POWER RANGERS review

Well if this isn’t the biggest hit of nostalgia that I could endure, I don’t know what is.

Oh yeah, I’m a 90’s kid and I sure did love my Mighty Morphin Power Rangers. What wasn’t to be liked? These older kids who learned valuable life lessons while beating up the bad-guys, defending Angel Grove with their fists, weapons, and giant robots. It was awesome! My favorite was always the White Ranger, and Saba the living sword, but I preferred the Green Ranger’s golden armor. Never made any sense why he had it, but it was still awesome too. Man, I even had the Power Rangers Karate Club VHS tape and took pride in that!

EHEM…

I never watched the show past the days of White Ranger, with the exception of TURBO: A POWER RANGERS MOVIE (1997), but I know there’s a dozen reincarnations. I haven’t the slightest idea what they’re about, but it does warm the heart to know that the legacy continues.

But now it’s time to talk about this latest reboot. It is indeed a reboot of the very first American incarnation, but with a different feel to it. A little darker and grittier and a focus on more drama, possibly. But that’s the long and short. Do I actually think this will be good? Eh… I don’t like the designs of the rangers. They look like Iron Man suits, obviously agreeing with the mass majority of complainers. I mean, seriously, glowing shaped chests? Was there a more obvious rip-off this movie could have done? The zords also look boring, their designs not exactly cool, nor does the megazord in the few flashes we get of it. Honestly, it looks like it’s going to be young adult PACIFIC RIM (2013) and be kind of forgettable. Oh and seriously? The new Power Rangers symbol is just The Flash’s symbol, but backward. About the only thing I can claim to be excited for is the idea that the zords, when separated, will actually fight as individuals instead of immediately going for the megazord. You almost never saw that in the show. I’m hoping for little more than sheer entertainment.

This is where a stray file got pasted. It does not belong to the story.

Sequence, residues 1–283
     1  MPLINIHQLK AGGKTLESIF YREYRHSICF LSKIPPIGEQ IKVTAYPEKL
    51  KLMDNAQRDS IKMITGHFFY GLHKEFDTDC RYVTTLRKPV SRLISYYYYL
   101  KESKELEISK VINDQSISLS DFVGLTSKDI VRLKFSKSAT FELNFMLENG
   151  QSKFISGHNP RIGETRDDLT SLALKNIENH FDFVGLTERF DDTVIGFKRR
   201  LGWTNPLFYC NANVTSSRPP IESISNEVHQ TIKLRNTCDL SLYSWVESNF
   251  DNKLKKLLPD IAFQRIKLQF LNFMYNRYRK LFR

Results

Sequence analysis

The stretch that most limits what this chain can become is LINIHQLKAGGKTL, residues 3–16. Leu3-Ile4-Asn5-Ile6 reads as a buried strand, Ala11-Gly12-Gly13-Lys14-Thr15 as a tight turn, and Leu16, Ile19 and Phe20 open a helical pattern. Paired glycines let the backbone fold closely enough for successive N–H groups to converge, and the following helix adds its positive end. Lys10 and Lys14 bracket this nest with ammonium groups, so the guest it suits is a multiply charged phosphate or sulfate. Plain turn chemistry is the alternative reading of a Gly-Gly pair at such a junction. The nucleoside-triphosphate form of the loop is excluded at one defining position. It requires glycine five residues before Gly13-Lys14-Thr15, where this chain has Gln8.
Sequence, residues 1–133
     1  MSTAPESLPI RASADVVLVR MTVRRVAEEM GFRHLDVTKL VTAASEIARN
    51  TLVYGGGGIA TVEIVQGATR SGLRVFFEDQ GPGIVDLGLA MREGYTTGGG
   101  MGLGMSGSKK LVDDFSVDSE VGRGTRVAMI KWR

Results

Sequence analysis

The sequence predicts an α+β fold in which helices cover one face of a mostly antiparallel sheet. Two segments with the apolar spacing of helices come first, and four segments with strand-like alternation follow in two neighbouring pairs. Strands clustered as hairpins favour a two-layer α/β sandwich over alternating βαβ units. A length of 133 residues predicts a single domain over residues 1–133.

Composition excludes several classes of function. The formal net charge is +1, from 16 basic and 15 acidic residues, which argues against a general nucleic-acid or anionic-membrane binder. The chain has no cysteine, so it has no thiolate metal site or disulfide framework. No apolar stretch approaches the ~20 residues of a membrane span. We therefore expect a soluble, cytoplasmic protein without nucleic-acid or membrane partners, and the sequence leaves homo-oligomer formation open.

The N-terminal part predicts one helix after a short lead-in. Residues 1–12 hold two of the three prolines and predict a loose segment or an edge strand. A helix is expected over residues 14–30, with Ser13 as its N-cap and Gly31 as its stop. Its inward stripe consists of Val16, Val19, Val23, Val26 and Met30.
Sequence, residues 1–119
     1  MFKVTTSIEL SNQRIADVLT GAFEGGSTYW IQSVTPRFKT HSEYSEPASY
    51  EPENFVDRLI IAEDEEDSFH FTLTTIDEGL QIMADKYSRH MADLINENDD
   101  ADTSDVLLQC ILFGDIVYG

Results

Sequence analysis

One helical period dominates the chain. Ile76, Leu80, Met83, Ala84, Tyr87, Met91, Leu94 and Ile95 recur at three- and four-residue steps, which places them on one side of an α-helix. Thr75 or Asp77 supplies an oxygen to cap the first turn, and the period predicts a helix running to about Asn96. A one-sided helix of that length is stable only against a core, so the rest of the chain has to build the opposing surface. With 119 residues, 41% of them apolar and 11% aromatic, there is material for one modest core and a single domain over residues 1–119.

Well, let’s take a look at the cast. Obviously, the big names here are Bryan Cranston (THE INFILTRATOR [2016], GODZILLA [2014], and TV show BREAKING BAD) and Elizabeth Banks (MAGIC MIKE XXL [2015], LOVE & MERCY [2014], The Hunger Games franchise, and the upcoming PITCH PERFECT 3 [2017]). Both wonderful actors to be sure, but let’s take a gander at the real stars of the movie, the actual Power Rangers. Playing Jason, the Reg Ranger is Dacre Montgomery (TV show STRANGER THINGS). Kimberly, the Pink Ranger is Naomi Scott (THE 33 [2015] and TV show TERRA NOVA). Billy, the Blue Ranger is RJ Cyler (ME, EARL, AND THE DYING GIRL [2015]). Zack, the Black Ranger is Ludi Lin (known for mostly Chinese films). And Trini, the Yellow Ranger is Becky G. (TV show EMPIRE).

Now for the crew. Directing is Dean Israelite, known for PROJECT ALMANAC (2015). Penning the screenplay is John Gatins, known for KONG: SKULL ISLAND (2017), NEED FOR SPEED (2014), and REAL STEEL (2011). Composing the music is Brian Tyler, known for XXX: RETURN OF XANDER CAGE (2017), NOW YOU SEE ME 2 (2016), and THE EXPENDABLES 3 (2014). Finally, the cinematographer is Matthew J. Lloyd, known for PROJECT ALMANAC, ROBOT & FRANK (2012), and TV show DAREDEVIL.

Overall, I think this movie is going to be bad, but I’ll be happy if it was just entertaining.

This is my honest opinion of: POWER RANGERS

(SUMMARY)

Long ago, the Power Rangers, led by their Red Ranger leader Zordon (Bryan Cranston), sacrificed themselves against the evil Green Ranger Rita Repulsa. Though defeated, she was not killed, but rather laid dormant until the present day. Teenagers Jason (Dacre Montgomery), Kimberly (Naomi Scott), Zack (Ludi Lin), Billy (RJ Cyler), and Trini (Becky G.) of the small town of Angel Grove are all social outcasts. Good kids, but they haven’t always been given the benefit of the doubt, and find themselves in trouble more often than intended. One day, out by an archaeological dig, the five of them travel out to it and uncover a set of multi-colored alien-looking coins that grant them superpowers, like enhanced strength and durability. Venturing further into the archaeological site, they happen across an alien space ship and encounter an alien robot known as Alpha 5 (Bill Hader), and his master and source of answers for the teenagers for their powers, Zordon, who’s essence was transferred into a wall to help guide the teenagers into becoming the next Power Rangers, as Rita has awoken and is hunting down all the gold she can in order to raise her great monsters to terrorize the city to find what was denied her so long ago: the Zeo Crystal.

(REVIEW)

Well, I hesitate to say it’s good… but it’s a hell of a lot better than I thought it’d be. Hell, it’s probably a lot better than it has any right to be.